Magazine article The Masthead

In Letters and Columns Alike, Less Is More

Magazine article The Masthead

In Letters and Columns Alike, Less Is More

Article excerpt

Yesterday's mail brought you two letters that needed to be screened for publication before the morning news meeting.

One letter was three pages long; the other, half a page. Which did you read first?

Admit it: Our attention spans are under siege. Most of the time we take the path of least resistance. It's the same for our readers, except their attention spans are shorter.

Newspapers are fighting for readers' attention against some sexy opponents, including television, radio, the Internet, and other digital sources that provide information in tight, quick, easily digested packages. Newspapers' counteroffensive has employed graphics, lists, tables, timelines, and digests. Magazines have made editorial content even briefer, hipper, and hotter.

The mission is to attract readers. Why should opinion pages be any different?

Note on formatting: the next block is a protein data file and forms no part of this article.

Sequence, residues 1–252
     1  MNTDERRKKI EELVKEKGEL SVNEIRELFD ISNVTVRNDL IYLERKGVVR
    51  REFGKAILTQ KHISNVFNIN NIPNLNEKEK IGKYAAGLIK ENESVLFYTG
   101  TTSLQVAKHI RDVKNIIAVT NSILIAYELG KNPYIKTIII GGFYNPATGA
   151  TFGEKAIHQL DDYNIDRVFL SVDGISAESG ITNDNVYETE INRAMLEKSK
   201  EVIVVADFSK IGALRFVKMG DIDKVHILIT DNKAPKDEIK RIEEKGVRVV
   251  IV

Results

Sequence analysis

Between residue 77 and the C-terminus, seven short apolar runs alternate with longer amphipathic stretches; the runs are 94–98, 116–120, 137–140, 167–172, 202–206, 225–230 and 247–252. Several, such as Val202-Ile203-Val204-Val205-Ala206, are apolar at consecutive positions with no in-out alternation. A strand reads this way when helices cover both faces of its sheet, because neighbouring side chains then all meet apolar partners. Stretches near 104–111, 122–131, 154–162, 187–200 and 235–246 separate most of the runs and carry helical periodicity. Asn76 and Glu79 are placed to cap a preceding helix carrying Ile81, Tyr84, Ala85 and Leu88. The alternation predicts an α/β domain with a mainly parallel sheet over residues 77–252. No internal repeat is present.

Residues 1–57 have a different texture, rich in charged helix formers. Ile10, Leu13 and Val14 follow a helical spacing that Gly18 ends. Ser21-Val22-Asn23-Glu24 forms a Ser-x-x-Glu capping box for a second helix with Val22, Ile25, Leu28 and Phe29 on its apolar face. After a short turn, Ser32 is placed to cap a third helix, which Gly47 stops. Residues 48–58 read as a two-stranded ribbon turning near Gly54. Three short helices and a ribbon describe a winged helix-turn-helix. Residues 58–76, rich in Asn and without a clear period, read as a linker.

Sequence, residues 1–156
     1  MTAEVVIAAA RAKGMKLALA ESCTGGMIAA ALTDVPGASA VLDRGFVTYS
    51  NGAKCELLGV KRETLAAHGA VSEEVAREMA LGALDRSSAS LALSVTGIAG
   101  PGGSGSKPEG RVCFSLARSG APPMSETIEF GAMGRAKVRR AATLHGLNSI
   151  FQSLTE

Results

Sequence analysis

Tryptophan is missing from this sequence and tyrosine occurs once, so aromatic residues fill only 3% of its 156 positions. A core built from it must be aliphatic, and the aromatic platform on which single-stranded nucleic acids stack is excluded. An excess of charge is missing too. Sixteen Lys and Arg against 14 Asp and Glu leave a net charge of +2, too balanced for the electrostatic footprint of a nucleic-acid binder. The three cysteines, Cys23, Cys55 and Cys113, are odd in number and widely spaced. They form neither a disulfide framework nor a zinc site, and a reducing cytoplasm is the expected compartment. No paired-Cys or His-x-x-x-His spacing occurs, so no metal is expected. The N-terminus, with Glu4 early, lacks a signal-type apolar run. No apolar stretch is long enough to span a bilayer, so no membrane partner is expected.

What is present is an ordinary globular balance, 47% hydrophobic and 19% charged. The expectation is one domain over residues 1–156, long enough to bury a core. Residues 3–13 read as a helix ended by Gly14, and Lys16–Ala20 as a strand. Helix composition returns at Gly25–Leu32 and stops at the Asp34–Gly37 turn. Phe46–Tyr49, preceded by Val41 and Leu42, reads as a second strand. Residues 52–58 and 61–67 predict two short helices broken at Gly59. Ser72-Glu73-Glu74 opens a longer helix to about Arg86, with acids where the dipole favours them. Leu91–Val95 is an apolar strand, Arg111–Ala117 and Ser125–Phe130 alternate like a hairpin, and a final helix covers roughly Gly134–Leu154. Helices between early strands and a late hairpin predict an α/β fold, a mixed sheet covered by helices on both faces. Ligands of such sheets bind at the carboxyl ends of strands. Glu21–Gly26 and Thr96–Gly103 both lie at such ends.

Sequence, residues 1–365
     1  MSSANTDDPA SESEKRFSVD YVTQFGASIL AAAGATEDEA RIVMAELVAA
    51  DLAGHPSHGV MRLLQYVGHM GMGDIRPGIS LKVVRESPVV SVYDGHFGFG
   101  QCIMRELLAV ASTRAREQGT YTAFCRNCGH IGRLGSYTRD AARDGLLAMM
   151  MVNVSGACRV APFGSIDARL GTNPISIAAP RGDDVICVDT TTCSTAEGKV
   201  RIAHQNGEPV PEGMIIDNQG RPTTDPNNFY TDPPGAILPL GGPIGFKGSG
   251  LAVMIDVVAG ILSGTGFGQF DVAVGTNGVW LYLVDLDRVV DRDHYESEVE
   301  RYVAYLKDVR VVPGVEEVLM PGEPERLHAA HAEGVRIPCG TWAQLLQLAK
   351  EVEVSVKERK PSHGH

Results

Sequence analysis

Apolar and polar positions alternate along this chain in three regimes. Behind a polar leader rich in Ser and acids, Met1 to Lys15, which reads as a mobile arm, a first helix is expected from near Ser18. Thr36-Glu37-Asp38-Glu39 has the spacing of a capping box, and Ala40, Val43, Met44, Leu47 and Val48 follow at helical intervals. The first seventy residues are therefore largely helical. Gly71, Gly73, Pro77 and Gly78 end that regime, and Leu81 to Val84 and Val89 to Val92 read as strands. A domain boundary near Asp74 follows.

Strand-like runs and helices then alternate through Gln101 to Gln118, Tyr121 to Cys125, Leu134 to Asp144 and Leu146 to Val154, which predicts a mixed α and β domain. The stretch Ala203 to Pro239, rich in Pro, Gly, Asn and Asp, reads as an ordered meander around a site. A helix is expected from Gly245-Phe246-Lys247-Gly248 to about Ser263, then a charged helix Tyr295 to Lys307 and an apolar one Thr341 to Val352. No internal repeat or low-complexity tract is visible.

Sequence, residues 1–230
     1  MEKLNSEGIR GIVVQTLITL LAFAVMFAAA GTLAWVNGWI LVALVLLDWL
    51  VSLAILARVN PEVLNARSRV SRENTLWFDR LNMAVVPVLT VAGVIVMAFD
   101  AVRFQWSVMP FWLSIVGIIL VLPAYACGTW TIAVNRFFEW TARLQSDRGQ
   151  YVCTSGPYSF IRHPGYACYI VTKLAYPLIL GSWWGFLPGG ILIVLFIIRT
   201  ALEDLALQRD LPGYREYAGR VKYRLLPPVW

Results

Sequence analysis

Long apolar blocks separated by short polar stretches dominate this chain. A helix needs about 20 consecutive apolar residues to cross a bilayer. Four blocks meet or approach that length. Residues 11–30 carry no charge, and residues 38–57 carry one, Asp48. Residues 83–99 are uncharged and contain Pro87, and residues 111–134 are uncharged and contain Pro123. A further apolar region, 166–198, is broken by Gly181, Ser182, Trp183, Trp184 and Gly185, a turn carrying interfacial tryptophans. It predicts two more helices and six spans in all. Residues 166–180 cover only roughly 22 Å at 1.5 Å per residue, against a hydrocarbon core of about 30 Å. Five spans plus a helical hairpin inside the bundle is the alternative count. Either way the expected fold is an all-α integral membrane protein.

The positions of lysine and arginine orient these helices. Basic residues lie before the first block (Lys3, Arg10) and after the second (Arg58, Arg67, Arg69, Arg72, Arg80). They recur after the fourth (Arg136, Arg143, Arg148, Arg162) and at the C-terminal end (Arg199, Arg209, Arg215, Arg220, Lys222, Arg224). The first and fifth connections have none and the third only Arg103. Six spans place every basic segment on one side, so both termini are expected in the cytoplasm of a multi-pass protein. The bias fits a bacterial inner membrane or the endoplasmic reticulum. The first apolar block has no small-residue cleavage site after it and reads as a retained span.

True, opinion pages have traditionally been the gray eminence of the newspaper, with the emphasis on gray. They are the places where thoughtful readers gather, editorialists pontificate, and the writers append academic lettering to their names.

And readers have been going right on past. Do we really want to write only for the academics and policy makers?

Opinion pages must still include thoughtful commentary and in-depth analysis of issues, but it benefits no one to do that work in a vacuum, lob One is to get the reader to the page. We must use graphics, photos, lists, digests, and ... yes, shorter reads.

Over the past year, we at the Visalia Times-Delta have installed many of these features on our opinion page. …

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